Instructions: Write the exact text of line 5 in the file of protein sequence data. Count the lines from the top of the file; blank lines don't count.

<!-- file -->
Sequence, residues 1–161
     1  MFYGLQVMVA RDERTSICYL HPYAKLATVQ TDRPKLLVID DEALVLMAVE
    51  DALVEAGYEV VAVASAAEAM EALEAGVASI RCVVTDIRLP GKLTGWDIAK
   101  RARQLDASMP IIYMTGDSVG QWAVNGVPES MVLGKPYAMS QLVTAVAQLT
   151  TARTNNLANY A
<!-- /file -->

   151  TARTNNLANY A